How & Why to Get EU-GMP Compliance Certificate for Cannabis Industry
It has been seen over the years of cannabis legalization in Canada that Canadian cannabis licensed producers (LPs) are involved in obtaining EU-GMP certification for their facilities. Compliance with EU-GMP results in high-quality products for distribution in the Canadian market, as well as the opening of the market for medical exports to European nations.
As more LPs express interest in getting their facilities certified for EU-GMP compliance, we will first explore what EU-GMP is and why we need it, what is good agricultural and collection practices (GACP), as well as who and why we need Good Distribution Practices (GDP), according to European Medicine Agency (EMA).
The EMA requires herbal products derived from plant material to adhere to GACP. Establishing a GACP for herbal starting materials is critical in order to ensure the acceptable and consistent quality of medicinal plant/herbal compounds. The quality of herbal starting ingredients demands a proper quality assurance technique, including material gathering and/or cultivation, harvesting, and primary processing.
In order to receive EU-GMP Compliance certification for exporting cannabis for medical purposes to the European market, the LP must demonstrate GACP compliance.
Good Manufacturing Practice (GMP)
Good Manufacturing Practice (GMP) is a concept that applies to the manufacture, processing, and distribution of goods.
The term “good manufacturing practice” (GMP) refers to the minimum level that a pharmaceutical producer must adhere to in their manufacturing procedures. The European Medicines Agency (EMA) conducts inspections to ensure compliance with these standards and plays an important role in harmonizing GMP activities across the European Union (EU).
Any manufacturer of medicines intended for the EU market, no matter where in the world it is located, must comply with GMP.
GMP requires that medicines:
- are of consistently high quality
- are appropriate for their intended use
- meet the requirements of the marketing authorization or clinical trial authorization.
Good Distribution Practice (GDP)
Good distribution practice (GDP) describes the minimum standards that a wholesale distributor must meet to ensure that the quality and integrity of medicines is maintained throughout the supply chain.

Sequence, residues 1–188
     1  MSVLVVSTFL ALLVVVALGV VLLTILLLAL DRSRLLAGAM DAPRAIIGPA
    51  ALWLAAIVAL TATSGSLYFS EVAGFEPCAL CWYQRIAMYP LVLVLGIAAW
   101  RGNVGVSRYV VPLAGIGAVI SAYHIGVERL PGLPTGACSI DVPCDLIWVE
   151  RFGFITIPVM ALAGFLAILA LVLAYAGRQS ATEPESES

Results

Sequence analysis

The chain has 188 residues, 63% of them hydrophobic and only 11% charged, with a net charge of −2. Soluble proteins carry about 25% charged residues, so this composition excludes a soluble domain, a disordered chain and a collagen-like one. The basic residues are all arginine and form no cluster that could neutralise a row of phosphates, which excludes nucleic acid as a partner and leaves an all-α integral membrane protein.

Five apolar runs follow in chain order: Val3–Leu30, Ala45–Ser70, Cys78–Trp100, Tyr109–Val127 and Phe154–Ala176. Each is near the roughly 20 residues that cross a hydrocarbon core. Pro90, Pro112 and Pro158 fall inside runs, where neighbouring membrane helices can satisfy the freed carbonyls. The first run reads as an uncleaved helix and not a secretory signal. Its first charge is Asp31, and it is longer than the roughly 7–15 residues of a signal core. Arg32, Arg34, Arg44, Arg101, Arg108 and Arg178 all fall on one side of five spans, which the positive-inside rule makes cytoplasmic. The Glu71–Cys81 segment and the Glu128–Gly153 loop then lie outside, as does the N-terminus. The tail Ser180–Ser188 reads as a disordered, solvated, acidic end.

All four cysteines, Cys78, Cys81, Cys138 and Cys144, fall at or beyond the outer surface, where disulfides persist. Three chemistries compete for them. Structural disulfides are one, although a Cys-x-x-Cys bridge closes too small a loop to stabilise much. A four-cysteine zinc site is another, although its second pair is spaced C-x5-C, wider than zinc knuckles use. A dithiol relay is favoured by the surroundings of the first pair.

Compliance with GDP ensures that:
- medicines in the supply chain are authorized in accordance with European Union (EU) legislation
- medicines are stored in the right conditions at all times, including during transportation
- contamination by or of other products is avoided
- an adequate turnover of stored medicines takes place
- the right products reach the right addressee within a satisfactory time period
- The distributor should also put in place a tracing system to enable finding faulty products and an effective recall procedure.
GDP also applies to the sourcing, storage, and transportation of active pharmaceutical ingredients and other ingredients used in the production of the medicines.
Anyone engaged in the activity of wholesale distribution of medicinal products in the European Economic Area (EEA) must hold a wholesale distribution authorization issued by the national competent authority of the Member State where they carry out these activities. The same national authority is responsible for inspecting the wholesale distributor.
Other Regulatory requirements
In addition to compliance with the European requirements, if an LP is interested in exporting medical cannabis to Europe, they will also need to comply with all Health Canada’s applicable regulations. Some examples may be applying for an import/export permit and compliance with Canadian Food Inspection Agency (CFIA) relevant guidelines.
Mussarat Fatima, President, and owner of MF Cannabis License and Regulatory Consultants have more than twenty years of experience in Quality Assurance, Quality Control, and Regulatory Affairs within the pharmaceutical, Food, and Cannabis industries. She has a Master’s Degree in Food Sciences and Biochemistry; in addition to this, she also has a diploma in pharmaceutical Quality Assurance, Regulatory Affairs, and Quality Control. Also, she has completed several certifications specifically in Cannabis Quality Assurance, Regulatory Affairs, and Facility management from recognized institutes in Canada.